Spatial Thinking with Sand and Gravel - 28/07/2015

5th EMSAGG Conference, Delft, the Netherlands

Editorial manager, Hydro International

The European Marine Sand and Gravel Group (EMSAGG) held its 5th conference on 4 and 5 June 2015 in Delft, the Netherlands. More than 100 delegates from eight countries gathered at the auditorium of Deltares, that kindly hosted the event. An array of speakers updated the audience on monitoring and impact of sand and gravel extraction, technologies and developments and spatial planning aspects. On 5 June, the Sand Engine attached to the North Sea coastline in the Netherlands was a highlight and well worth a visit.

The challenges of extraction of sand and gravel off the Dutch, Belgian and UK coasts were the subject of contributions by respectively Ad Stolk (Rijkswaterstaat, the Netherlands), M. Roche (FPS Economy, Continental Shelf Company, Belgium) and Keith Cooper (CEFAS, UK). Tommer Vermaas (Deltares,the Netherlands) showed a detailed analysis of dredging and sedimentation patterns in the Maasgeul near Rotterdam, the Netherlands.

Objects in the Sand

Large objects were the subject of the next contributions: UXO was highlighted by Merijn Terlou of Abeco, the Netherlands, followed by Robert Langman of MarineSpace UK talking about identification and handling boulders. Vera van Lancker gave an insight into the status of EMODNET as a digital platform for the sharing and quantifying of information.


The link to marine spatial planning was quickly made using this ‘bridge’. Brigitte Lauwaert elaborated on the Belgian approach of planning in their part of the North Sea. Nick Everington and Olivia Thomas of Crown Estate highlighted the way in which the UK is optimising and innovating for using marine aggregates. Sean Leake (GoBe Consultants, UK) added to this the cooperation with the industry, even creating a win-win situation.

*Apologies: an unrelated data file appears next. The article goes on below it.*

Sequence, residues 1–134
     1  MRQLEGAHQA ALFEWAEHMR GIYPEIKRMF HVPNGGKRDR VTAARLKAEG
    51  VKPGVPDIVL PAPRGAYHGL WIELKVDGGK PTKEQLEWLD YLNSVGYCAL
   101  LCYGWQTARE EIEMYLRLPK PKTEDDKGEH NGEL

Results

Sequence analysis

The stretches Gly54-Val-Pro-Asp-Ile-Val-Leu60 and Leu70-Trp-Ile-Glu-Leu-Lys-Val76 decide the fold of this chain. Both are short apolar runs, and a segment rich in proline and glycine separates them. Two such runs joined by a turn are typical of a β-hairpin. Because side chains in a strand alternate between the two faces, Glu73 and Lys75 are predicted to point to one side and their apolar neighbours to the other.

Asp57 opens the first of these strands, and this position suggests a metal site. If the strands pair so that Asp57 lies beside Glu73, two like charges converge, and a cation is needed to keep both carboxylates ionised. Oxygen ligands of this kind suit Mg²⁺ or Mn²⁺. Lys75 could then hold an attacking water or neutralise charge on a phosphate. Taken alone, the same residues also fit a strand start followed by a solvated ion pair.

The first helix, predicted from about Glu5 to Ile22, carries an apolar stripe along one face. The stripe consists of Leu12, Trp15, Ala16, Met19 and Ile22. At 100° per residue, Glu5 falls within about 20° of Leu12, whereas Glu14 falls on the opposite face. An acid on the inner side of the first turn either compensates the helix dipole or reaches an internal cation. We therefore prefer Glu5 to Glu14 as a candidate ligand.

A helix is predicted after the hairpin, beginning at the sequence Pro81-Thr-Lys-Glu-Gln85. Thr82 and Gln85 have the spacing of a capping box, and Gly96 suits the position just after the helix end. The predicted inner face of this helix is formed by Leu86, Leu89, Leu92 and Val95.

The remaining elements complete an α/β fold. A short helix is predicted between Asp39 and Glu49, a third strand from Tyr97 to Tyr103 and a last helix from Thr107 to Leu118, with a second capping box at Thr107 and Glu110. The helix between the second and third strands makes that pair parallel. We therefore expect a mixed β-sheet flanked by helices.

Panel Discussion

The panel discussion between the session chairs generated many questions from the audience and a lively discussion on various aspects presented during the day ensued. Especially the mapping of unexploded ordnance and the consequences of removal, and practical aspects of spatial planning were discussed regularly.
It was at that point that EMSAGG president Cees Laban concluded that the day had added to the knowledge of the participants and forged relationships between them. He emphasised after the conference: “the growing demand of marine sand and gravel and increased use of the seabed space by infrastructural works together with EU and national legislations claiming protected areas, is asking for cross border planning of the available resources, and in-depth studies of the seabed characteristics and processes. This 5th EMSAGG conference provided the audience with insight in the latest developments by speakers from the industry, institutes and governmental agencies. The great involvement of the participants during the panel discussions made this conference a great success and a step towards the key theme ‘Finding Common Ground’.”

Sand Engine Project Visit

On 5 June 2015, as part of the European Marine Sand and Gravel Conference, delegates from across Europe travelled to the Sand Engine coastal protection project on the Dutch coastline.
The day opened with presentations by Deltares scientists Bert van Der Valk and Arjen Luijendijk who outlined the initial concept, the construction process and the ongoing monitoring, analysis and research of the development of this innovative coastal protection project.


The Sand Engine is a pilot project for an innovative method of coastal protection. The Sand Engine (also known as Sand Motor) is a huge volume of sand that was applied along the coast of Zuid-Holland at Ter Heijde in 2011. The Sand Motor will gradually change in shape and will eventually be fully incorporated into the dunes and the beach, as waves and currents spread the sand naturally along the coastline.


Building with Nature is an ongoing research project that examines how to utilise natural processes and provide opportunities for nature while achieving a hydraulic infrastructure. The work in the programme is carried out by the EcoShape consortium that consists of private parties, government organisations and research institutes.

Last updated: 29/03/2020